Pan-Mass Challenge: 2011 Fundraising Overview

UPDATE: I am officially signed up for the 2012 Pan-Mass Challenge: to sponsor my ride (and make these graphs prettier next year), please go to to donate. Thanks!

Last year, after riding in my third Pan-Mass Challenge (an annual two-day bicycle ride/cancer fundraiser), I thought I had enough of a track record to look at fundraising trends. In that post, I saw the rise in overall fundraising, number of sponsors and average donation amount as the progression of an improving fundraising effort and the expanding reach of my social networks. This year, the numbers were different but still interesting. First, the fundraising total shrank for the first time:

While an organization may see this as alarming, I should add that I once again surpassed my goal; after 2010’s success, I upped my goal from the minimum ($4,200) to the “Heavy Hitter” line ($6,300), and actually had little problem making that mark. I see the $9,000-plus total from 2010 as somewhat of an aberration– not in success, but in the amount of it, as several one-time sponsors donated late last year in memory of my father-in-law’s passing (the family had actually steered people to the PMC in the obituary, a fitting tribute). Despite the “one-time” donations in 2010, I still saw a sharp increase in sponsors from 2010 to 2011, the most encouraging number in the bunch. The message of the PMC’s cancer-fighting cause continues to spread:

Repeat sponsors was a bit of a mix, but again no surprise: more “repeats” donated this year, with the falloff in percentage a factor of the ever-growing total number of sponsors. I can probably do more to keep current donors involved and perhaps get the repeats up over the 50% next year.

The average donation fell off, close to 2009 levels. The major reason for this was that several of my “corporate” donors, people representing organizations that generally donated in the $500 range, did not repeat this year. The median donation was still $50, meaning that individual donors were not giving less, as this number might indicate and for the short-term that will continue, I suspect. So, the drop in average donation is not so alarming, though if I were a non-profit organization I would be concerned about the corporate sponsor drop-offs (and would certainly welcome them back, hint-hint).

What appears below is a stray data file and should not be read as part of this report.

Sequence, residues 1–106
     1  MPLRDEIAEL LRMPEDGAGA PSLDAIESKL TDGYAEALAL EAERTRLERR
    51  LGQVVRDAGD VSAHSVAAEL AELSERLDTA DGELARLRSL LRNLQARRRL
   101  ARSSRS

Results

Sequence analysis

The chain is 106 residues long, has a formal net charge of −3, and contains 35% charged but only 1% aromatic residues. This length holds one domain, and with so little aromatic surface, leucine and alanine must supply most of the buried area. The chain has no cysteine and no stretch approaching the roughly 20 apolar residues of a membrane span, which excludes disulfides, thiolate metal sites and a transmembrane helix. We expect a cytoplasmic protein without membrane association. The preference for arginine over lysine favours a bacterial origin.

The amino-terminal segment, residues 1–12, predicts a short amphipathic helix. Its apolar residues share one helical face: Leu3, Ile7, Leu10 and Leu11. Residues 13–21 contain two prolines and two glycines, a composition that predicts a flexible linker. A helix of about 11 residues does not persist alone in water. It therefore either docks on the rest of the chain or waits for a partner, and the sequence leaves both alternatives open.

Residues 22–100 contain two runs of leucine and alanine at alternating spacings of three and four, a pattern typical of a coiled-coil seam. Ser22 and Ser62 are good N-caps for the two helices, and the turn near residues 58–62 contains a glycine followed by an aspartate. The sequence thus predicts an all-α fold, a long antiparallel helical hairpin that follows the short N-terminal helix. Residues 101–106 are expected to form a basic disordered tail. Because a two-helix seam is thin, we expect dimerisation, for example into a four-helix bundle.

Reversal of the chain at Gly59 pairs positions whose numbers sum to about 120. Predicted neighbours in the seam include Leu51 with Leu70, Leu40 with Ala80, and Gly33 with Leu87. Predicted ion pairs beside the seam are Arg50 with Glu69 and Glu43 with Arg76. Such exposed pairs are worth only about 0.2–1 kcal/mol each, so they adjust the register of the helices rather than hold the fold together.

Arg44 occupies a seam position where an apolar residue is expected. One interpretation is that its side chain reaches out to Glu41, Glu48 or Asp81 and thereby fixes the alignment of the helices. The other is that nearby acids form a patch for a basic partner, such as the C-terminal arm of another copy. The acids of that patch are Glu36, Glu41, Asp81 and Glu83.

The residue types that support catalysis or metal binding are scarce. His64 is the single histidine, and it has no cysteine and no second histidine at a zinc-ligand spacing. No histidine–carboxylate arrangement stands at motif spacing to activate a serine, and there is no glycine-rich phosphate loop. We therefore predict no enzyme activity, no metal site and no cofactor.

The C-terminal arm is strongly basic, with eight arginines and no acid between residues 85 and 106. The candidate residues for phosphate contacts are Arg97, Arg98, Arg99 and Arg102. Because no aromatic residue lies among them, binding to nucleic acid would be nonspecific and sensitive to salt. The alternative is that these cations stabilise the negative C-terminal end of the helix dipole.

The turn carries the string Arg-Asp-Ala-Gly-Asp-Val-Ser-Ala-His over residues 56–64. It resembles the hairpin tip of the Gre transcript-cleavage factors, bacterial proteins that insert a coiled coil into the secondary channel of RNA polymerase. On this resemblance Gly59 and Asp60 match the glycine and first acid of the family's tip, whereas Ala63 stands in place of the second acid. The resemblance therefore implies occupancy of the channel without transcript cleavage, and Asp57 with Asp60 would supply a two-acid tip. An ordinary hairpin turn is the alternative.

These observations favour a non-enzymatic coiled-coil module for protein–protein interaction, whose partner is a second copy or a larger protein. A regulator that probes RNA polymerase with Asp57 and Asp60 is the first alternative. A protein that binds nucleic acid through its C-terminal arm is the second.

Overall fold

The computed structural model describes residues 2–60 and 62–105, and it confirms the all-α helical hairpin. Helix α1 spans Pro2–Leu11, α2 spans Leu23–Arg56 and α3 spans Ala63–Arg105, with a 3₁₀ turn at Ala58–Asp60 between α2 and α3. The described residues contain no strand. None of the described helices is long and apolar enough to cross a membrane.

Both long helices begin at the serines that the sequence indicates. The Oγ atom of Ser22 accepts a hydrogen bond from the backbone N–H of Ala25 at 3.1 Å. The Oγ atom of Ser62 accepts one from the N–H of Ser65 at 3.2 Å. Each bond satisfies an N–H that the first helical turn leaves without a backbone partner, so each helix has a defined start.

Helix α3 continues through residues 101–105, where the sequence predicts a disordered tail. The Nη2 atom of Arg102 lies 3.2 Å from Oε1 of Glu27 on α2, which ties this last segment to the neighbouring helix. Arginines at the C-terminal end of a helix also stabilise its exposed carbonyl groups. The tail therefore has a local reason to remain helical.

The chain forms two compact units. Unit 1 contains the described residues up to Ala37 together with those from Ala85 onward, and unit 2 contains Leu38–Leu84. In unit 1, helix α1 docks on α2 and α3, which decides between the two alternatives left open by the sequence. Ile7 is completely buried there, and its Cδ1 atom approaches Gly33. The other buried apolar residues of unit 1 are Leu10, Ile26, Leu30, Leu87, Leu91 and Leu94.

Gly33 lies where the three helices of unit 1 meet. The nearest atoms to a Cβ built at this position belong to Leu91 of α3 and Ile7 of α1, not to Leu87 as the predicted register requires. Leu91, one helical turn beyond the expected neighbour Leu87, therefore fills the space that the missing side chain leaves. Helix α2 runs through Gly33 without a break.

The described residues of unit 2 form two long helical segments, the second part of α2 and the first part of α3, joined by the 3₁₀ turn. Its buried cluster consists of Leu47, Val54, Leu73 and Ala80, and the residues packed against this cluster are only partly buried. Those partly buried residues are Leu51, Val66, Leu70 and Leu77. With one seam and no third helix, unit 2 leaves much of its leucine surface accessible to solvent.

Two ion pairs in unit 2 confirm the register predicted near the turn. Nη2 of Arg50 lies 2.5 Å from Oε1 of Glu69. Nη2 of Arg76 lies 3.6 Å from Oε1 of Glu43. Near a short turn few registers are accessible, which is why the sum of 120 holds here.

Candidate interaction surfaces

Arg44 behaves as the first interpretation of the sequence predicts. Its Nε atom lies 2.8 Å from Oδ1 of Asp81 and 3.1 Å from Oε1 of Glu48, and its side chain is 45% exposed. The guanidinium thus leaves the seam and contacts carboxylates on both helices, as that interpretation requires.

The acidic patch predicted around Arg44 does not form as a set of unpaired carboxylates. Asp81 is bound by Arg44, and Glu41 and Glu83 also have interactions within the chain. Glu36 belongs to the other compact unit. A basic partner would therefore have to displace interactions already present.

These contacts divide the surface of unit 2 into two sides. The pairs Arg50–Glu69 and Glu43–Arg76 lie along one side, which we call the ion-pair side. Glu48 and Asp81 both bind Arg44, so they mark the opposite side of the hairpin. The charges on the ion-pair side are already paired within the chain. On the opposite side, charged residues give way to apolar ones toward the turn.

Putting the numbers in perspective: I am happier with the increase in people sponsoring than I am disappointed at the lower dollar amounts. If I were an organization I would have some concern about the dropoff in larger “corporate” donors, but as those have been outliers in my case rather than the primary targets I cannot be totally surprised.

For 2012? I will target getting more repeat donors while continuing to increase my base of generous sponsors as well as my overall fundraising target. I hope the look at numbers does not make my PMC fundraising seem too clinical- as I sincerely appreciate each and every sponsor, as well as others who support me in various ways.  On to 2012!


Pan-Mass Challenge 2011

2012 Social Media Predictions From a Grump Who Hates Predictions


Flickr photo by tgkohn

I have much antipathy – make that hostility – toward any kinds of predictions (see my 2011 social media predictions post  for the only explanation I will give for that). Despite that, I was honored to be asked my 2012 thoughts by the folks at Awareness for their eBook “2012 Social Marketing & New Media Predictions.”   There are some great thoughts by several folks in the industry smarter than I, but I thought I would take the opportunity to expand on my thoughts that were included (in case anyone holds me accountable).

Below are the e-book topics for which I provided predictions, and my further comments on each.

The Biggest Social Marketing Developments

What I Said:

“More companies will move to the next stage, having a more innate understanding of what they need to do in social media, and being more specific about where they allocate budgets within social media. Google+ will make some inroads, enough to add G+ more formally to the debate over how to split resources among existing social media platforms.”

A Bit More:

I noted in the last year or two that more companies of all sizes seemed to understand they needed to do include social media and brand publishing somewhere in their communications plan – selling the very idea of social media is over. Next is developing a more ingrained sophistication about what and how to do it. And yes, the patience I have preached regarding Google + is still needed, but will probably pay off soon as companies (and their consultants) figure out the best use for this social network.